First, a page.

Landscape-scale filters dominated functional community composition at both spatial scales investigated. When considering landscape variables within the 500-m radius, the majority of co-inertia (that is, the strength of the association between traits and environmental filters, or how strongly these traits are filtered) was mainly represented by a strong association between configurational heterogeneity (average size of patches in the surrounding landscape), compositional heterogeneity (diversity of land cover types) and the traits representing adult and larval feeding breadth and activity period (Table 1; 1st axis). The trends indicate that specialized feeders (both larvae and adults) become less common as compositional heterogeneity decreases (lower diversity of land cover types) and configurational heterogeneity increases (smaller patches in the surrounding landscape), and also, partly, as in-field management intensity increases (Fig. 3a and Supplementary Fig. 1, from left to right, denoted by the direction of the red arrow). This association explains 91.7% of the co-inertia among the three RLQ tables (Table 1, 1st axis) at the 500-m spatial scale. The remaining variance (a further 7.1% of the co-inertia, 2nd axis) was explained by an association between in-field management intensity and configurational heterogeneity, and the relative body size (relative size within each order, see Methods for details; Table 1). These findings indicate that smaller species are less common when in-field management intensity increases and configurational heterogeneity decreases (larger average patch sizes; Table 1 and Fig. 3b from bottom to top).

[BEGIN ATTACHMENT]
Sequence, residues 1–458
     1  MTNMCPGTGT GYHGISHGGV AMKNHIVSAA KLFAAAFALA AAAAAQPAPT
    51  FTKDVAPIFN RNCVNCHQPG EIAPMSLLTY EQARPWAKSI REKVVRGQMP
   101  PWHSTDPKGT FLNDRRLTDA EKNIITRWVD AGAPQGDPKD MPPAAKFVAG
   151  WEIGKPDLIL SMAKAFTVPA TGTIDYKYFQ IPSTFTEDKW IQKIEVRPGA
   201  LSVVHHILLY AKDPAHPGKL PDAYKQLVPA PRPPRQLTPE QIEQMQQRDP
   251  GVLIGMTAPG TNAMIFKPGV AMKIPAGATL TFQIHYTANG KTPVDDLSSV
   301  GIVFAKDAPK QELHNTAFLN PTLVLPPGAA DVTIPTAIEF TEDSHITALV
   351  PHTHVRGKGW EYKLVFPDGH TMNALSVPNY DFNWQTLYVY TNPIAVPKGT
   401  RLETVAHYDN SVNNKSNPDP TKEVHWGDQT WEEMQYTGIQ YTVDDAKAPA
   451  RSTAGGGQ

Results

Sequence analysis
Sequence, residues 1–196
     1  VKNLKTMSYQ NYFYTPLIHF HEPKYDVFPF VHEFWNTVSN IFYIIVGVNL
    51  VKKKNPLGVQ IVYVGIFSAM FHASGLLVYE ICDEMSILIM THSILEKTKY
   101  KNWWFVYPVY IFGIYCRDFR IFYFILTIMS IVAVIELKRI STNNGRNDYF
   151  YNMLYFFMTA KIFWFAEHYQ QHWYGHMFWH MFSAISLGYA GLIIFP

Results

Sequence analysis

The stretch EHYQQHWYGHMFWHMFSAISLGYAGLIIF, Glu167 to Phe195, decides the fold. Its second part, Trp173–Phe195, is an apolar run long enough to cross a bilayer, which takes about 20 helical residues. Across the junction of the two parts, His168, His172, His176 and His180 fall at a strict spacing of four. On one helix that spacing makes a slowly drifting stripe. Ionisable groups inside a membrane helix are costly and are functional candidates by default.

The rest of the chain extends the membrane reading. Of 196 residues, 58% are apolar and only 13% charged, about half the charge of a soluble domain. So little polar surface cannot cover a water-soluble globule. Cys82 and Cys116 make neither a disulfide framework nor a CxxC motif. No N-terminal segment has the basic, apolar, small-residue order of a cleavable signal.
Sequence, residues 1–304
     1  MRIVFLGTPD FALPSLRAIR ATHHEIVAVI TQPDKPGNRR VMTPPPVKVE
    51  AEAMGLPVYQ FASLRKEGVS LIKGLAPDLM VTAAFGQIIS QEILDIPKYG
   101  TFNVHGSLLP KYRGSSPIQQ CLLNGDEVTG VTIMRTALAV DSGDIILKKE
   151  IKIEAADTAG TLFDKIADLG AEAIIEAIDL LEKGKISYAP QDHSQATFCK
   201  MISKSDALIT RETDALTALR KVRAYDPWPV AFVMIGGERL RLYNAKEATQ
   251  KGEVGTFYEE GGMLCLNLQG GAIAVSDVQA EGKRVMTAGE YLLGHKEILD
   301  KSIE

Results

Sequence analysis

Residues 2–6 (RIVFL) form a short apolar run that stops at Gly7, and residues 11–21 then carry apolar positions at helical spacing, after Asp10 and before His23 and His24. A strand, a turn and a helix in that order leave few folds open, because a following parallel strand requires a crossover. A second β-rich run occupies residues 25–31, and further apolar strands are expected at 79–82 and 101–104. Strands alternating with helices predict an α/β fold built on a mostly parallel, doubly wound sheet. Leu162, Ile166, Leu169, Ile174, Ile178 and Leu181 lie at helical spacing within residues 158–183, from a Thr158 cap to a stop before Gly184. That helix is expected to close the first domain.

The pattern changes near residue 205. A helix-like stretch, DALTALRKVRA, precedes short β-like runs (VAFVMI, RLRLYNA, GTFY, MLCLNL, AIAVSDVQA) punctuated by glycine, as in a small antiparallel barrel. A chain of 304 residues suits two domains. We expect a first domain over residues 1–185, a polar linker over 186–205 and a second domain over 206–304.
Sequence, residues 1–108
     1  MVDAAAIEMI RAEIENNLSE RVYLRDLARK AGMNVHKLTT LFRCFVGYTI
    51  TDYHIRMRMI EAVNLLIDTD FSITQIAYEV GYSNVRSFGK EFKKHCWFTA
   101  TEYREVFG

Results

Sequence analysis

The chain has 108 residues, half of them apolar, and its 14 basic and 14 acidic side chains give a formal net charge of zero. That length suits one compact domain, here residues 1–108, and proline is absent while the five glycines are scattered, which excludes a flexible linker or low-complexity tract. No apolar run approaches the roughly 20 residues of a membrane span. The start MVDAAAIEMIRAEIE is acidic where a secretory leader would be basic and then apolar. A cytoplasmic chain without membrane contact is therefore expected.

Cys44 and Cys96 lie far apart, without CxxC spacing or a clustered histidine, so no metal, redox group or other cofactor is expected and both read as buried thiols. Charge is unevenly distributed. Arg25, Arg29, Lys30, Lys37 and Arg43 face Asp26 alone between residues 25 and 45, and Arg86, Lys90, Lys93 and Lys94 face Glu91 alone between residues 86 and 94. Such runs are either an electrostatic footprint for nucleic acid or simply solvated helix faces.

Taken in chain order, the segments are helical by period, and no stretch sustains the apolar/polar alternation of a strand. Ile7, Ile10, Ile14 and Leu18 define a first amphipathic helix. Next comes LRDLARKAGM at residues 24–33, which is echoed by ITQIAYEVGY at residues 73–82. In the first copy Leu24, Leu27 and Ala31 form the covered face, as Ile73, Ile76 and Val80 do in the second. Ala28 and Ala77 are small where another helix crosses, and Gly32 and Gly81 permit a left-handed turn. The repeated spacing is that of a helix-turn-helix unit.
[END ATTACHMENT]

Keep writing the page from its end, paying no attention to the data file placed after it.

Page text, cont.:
Table 1 Correlation coefficients for the relationship between environmental variables and traits with the first and second RLQ axes at the spatial scales of 500 and 2,000 m radii.